According to recent findings, U.S. construction and architecture firms have room for improvement when it comes to phone manners. Conducted by PH Media Group, the study surveyed 2,234 American consumers and found only 21 percent are satisfied with the way construction businesses handle phone calls. Only 20 percent of architecture firms’ customers report satisfaction.
Perhaps the survey results can be explained by the widespread use of mobile devices, particularly in the design and construction world. Designers and contractors stay on the move, running from job site to job site, in and out of the office. A smart phone is an indispensable tool in such a work environment. No contractor or design professional could work without one.
While the use of mobile devices is common in the workplace, not everyone remembers to maintain the same professional manner that they would in an office setting. Just as an email abiding by the rules of business etiquette provides the opportunity to market your contracting business as a professional service, so does the well-mannered use of the mobile device. By remembering just a few common courtesies when using a mobile phone, contractors can maintain the professional image they’ve worked so hard to create.
Times to turn it off
There are occasions when a mobile phone should be turned off so voicemail can answer. In personal life, these areas would include movie theaters, museums, libraries, houses of worship and any public performance. But during the workday, are there times when a mobile phone should go straight to voicemail?
Meetings can be tricky. People in the design and construction professions are in meetings daily. Ideally, all meeting participants would turn off phones so everyone could concentrate fully on the information and tasks at hand.
But if the phone call pertains to information needed for the meeting, then it’s OK to take a call— especially when a caller ID function lets you know if the call is the one you were expecting. But whatever the situation, always remember the person you are with is the most important person, and that person in your presence takes precedence over any incoming call.
A phone should be turned off when you’re making a transaction with someone, even if the transaction doesn’t require conversation. An example would be depositing a check with a bank teller. You may not have to speak to the person, but refraining from phone conversations is the considerate action. Remember, the person present is the most important person.
With concrete mixers turning, earthmovers rumbling and hammers pounding, a job site can get loud. So, it’s probably necessary to speak in a loud voice if you want to take a call on a job site. But when you leave the job site, don’t forget to speak in a normal voice. Loud talkers disturb everyone who’s in earshot of the conversation and invade the space of others.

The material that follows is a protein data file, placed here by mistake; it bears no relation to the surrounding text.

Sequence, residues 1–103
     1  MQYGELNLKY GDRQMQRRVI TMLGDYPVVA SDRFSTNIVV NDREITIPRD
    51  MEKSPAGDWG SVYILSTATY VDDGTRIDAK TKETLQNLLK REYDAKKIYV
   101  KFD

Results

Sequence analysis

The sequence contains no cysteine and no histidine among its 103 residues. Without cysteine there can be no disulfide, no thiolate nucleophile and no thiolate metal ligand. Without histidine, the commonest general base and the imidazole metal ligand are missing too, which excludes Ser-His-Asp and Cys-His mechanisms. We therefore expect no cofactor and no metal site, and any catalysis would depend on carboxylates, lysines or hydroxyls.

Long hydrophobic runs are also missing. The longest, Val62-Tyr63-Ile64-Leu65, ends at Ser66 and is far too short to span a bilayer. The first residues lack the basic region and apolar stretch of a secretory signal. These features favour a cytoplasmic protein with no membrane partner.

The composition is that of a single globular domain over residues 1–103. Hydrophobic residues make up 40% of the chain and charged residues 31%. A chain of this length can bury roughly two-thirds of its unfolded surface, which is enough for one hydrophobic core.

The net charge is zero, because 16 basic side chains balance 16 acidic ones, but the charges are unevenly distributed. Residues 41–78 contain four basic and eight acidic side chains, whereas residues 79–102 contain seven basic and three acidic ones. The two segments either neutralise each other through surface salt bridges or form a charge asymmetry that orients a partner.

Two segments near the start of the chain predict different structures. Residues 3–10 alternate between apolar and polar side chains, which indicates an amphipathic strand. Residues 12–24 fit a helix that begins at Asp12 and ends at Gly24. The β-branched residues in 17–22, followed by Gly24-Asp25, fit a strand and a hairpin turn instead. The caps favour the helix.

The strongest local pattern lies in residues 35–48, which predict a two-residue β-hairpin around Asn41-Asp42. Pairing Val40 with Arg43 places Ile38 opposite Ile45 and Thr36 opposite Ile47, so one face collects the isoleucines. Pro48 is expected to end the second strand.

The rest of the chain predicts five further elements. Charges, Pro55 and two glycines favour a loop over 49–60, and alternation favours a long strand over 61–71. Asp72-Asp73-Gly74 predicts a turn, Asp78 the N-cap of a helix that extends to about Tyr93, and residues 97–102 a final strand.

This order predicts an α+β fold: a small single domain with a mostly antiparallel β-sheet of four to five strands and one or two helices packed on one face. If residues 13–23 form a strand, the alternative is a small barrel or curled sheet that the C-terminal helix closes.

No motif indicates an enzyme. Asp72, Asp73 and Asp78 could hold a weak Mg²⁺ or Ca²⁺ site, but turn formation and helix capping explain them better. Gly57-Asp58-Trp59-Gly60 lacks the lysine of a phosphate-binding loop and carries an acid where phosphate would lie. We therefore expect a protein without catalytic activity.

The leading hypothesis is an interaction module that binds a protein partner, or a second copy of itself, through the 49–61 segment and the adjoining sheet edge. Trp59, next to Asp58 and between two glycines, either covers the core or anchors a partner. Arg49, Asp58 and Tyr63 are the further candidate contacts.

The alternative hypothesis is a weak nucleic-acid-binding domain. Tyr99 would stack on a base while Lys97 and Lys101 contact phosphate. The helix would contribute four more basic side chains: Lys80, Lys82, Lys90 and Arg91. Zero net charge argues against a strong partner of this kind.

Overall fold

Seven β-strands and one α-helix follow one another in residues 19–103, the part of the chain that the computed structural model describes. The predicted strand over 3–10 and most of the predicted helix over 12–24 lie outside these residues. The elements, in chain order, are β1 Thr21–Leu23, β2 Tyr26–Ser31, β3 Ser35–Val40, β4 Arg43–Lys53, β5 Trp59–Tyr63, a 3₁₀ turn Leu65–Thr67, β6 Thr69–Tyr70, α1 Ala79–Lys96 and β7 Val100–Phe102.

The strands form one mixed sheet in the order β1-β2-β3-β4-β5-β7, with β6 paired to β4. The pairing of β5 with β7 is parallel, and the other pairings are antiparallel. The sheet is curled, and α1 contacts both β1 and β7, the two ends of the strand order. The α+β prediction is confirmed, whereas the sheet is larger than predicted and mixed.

Likewise, make sure your ring tone volume matches your environment. On the job site, there’s no question you’ll need to turn up the volume on your ring tone. But when you leave, turn down the volume so a loud ring won’t disturb others.
When speaking on a mobile device, the whole world can be your audience. Even if you’re not speaking loudly, it’s usually possible for others to hear your conversation if you’re in a public place.
Keep that in mind and remember to be discreet about professional and personal matters. Quite simply, you may not want workers to overhear certain financial data or other sensitive information.
Sometimes things can get pretty intense in the contracting world. Deliveries may arrive later than expected, unexpected site conditions can delay progress or your pump operator may get the flu on the day of the big pour. Many times, the unfortunate news is delivered via mobile phone. Although controlling emotions is good advice for anyone— whether on the phone or face-to-face with a prickly person or situation— it’s especially important for mobile users who are in a public setting.
If in an outburst of anger occurs in a private office, the offending person may have only one person who witnesses the embarrassment. But what if a client sees the unfortunate behavior? With so many eyes and ears around, controlling emotions on a mobile device is critical to maintaining a professional appearance.
The gracious and well-mannered use of a phone provides an opportunity to present your business as a brand to be remembered. If people observe you handling a phone call in a way that shows respect to others, they’ll remember you as a true professional and someone with whom they want to do business. And that’s the kind of lasting impression you want to make.
For more than 20 years, Ashley Kizzire has written for commercial markets, specializing in the concrete and construction industry since 2000. Based in Birmingham, Alabama, Kizzire is the senior editorial manager at Constructive Communication Inc. She can be reached firstname.lastname@example.org.